The Fashion Awareness Direct (FAD) Fashion Futures Final 2014 saw 23 teenage talents showcase the designs that impressed an esteemed jury, including Louise Ibak (designer at George at Asda), Maria Alvarez (founder and CEO at FAD) and Martyn Roberts (founder and director at Fashion Scout), amongst others. The charity supports young designers from all walks of life, helping them to get internships and experience in the fashion industry. This culminates in an annual Fashion Futures awards ceremony, sponsored by George, bringing finalists to Fashion Scout each season.

Presented by Annaliese Dayes, a Next Top Model herself, the packed Vestibule of family, friends and industry members took their positions to watch the six themed collections. 

First up, a tough, urban collection; Renée John Baptiste an all black menswear look, with emphasis on shape and dropped or cropped silhouettes. Andrea Loaiza Giraldo’s blue skirted coat with feminine seaming was made modern with black puffa-style sleeves, while Renée Mutsunge’s floral embellishment added detail to an otherwise simple monochrome dress, with flashes of blue and white zip. Toni Elysse Wright finished the collection with a column-esque white shirt dress, with Perspex band around the bust and lime green mesh ruffle around the hips.

Daniela Silva Velasquez opened the following African inspired collection with a black halterneck gown complete with primary coloured bustier. Tim McDonagh’s grey printed menswear shorts and strong-shouldered blazer combination looked pleasantly retro, while Gabriela Guana’s simple blue sundress with white zig-zag stitching looks perfect in any era. Ellie Boothman’s grey shift dress featured printed panels of 90s style tessellated triangles at the waist and hem.

Holly Coutts opened an athletically regal collection with her sporty tennis dress, realised in red with exposed black zip and metallic mesh skirt. The following gold embellished top, featuring a squiggle pattern by Henrietta Dent, was paired with a brown midi skirt, and followed by Zhané Anjum completion of the collection; a red velvet menswear cape and white shirt with gold embroidery, pearl embellishment and chain shoulder detailing.

Things took a darker turn with Charlotte Dillon’s Victoriana structured patchwork grey and black evening gown with lace back, followed by Hayat Chehab full skirted lace dress with graphic leather modest panelling. A striking bustier by Chenai Jack stood away from the body, finished with a peach lace asymmetric skirt. Yinka Williams’ silver cross-front cape looked modern paired with the deeper shade of steel underneath, and Emily Bass’s shell embroidery on a drop-waist black tulle skirt was unexpected for a long sleeved shirt dress.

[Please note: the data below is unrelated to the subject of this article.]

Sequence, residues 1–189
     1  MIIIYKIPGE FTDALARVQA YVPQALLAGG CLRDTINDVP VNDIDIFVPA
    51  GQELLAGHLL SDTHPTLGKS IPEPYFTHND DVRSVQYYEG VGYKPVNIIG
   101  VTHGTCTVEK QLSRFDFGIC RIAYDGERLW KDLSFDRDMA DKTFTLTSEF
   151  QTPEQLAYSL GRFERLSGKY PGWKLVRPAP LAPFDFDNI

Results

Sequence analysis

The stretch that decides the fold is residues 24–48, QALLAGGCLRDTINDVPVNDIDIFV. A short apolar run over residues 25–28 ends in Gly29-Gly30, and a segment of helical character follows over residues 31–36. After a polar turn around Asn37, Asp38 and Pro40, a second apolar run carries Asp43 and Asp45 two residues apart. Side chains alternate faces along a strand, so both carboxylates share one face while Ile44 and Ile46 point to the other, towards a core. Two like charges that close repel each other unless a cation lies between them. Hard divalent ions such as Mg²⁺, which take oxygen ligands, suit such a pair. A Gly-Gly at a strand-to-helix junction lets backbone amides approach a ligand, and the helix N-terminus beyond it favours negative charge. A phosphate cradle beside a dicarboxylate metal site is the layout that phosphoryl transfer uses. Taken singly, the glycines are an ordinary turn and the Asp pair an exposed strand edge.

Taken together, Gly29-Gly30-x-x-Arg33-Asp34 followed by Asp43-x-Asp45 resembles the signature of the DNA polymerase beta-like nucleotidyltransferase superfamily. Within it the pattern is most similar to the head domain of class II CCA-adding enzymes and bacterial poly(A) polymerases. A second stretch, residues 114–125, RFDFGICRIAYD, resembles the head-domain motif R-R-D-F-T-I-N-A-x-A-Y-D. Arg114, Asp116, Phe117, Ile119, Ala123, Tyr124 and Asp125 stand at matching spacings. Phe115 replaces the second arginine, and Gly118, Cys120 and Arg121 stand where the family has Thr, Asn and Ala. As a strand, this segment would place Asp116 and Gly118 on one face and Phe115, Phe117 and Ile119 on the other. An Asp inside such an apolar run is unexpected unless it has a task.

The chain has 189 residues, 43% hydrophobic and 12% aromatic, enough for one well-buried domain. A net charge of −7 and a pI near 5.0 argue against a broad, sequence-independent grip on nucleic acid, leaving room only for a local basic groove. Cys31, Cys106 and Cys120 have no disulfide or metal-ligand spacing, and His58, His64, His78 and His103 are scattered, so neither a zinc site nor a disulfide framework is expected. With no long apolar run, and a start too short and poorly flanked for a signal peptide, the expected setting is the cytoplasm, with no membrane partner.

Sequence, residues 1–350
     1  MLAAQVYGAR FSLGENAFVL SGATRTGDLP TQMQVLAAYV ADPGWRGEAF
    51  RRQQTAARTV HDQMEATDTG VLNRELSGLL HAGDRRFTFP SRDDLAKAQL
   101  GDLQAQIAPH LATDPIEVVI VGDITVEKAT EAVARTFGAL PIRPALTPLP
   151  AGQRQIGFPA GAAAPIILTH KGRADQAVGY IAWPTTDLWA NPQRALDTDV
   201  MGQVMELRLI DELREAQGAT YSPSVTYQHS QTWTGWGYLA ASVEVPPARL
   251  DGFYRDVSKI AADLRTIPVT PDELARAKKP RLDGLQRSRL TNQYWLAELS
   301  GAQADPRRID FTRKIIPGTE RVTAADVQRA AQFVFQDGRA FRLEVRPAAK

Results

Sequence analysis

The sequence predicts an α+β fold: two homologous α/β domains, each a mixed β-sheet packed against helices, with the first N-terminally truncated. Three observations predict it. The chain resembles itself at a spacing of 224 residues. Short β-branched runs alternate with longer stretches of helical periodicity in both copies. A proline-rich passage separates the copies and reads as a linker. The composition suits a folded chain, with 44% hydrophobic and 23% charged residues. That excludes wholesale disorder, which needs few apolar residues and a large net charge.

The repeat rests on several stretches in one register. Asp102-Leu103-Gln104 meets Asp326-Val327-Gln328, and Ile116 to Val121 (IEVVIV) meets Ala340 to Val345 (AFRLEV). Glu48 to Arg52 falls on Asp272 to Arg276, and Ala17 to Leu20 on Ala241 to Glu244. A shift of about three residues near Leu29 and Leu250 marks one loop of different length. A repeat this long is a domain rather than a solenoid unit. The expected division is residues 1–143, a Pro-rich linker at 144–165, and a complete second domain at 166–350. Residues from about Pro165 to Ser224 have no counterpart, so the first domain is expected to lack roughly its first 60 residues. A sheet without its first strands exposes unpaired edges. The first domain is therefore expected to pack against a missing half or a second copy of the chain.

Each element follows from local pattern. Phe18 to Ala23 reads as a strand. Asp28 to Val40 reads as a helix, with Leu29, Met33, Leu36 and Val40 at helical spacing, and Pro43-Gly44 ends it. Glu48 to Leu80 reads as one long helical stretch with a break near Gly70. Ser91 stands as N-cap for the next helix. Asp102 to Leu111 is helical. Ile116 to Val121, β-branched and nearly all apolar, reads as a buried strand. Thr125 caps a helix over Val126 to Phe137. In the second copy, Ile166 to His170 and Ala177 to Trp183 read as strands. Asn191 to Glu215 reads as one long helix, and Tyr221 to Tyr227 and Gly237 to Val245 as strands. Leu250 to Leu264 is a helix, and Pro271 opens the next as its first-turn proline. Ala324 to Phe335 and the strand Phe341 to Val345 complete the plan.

Seada Merkulaj bought mermaid ethereality to the next collection, with a navy blue gown and white heart-shaped lace overlay. An aqua and brown waterfall front utility jacket by Kayla Miles surprised when light caught the laser-cut leather panels. Niove Louca’s elegant mermaid skirted dress in neutral lace was made alluring when its backless design was revealed, while Elleanor Goodall’s grey 20s inspired tennis dress with box pleats was accented in lemon yellow.

Finally, Bella Dunne’s Perspex raincoat with black fur trim looked 60s futuristic when paired with a pastel playsuit, the raincoat dotted with the same brushstroke print. The blue, pink and orange cape dress that followed featured subtle animal prints by Tilly Tambini Cooper was a highlight for presenter Annaliese. Shalon Siqueira completed the show with a menswear coat, pink and purple in hue in sporty materials.

Following the show, jury members Alvarez, Carol Robb (freelance designer) and Dorota Watson (Head of Fashion at University of East London) announced the recipients of this year’s awards for Embellishment (Harriet Dent), Colour (Tilly Cooper) and Innovation (Shalom Siqueira). The overall winner of the Fashion Futures Award 2014, announced by Louise Ibak, was Andrea Loaiza Giraldo for her creative and commercial design.

With some serious talent on show, the jury had a tough decision on their hands. This year’s FAD finalists proved just how valuable FAD is for getting a tough break in the fashion industry, and we hope to see some of these young talents as Fashion Scout designers in their own right in the future.

By Isabella Silvers, Contributor, (@izzymks).
Photographs by Elizabeth Hodsin.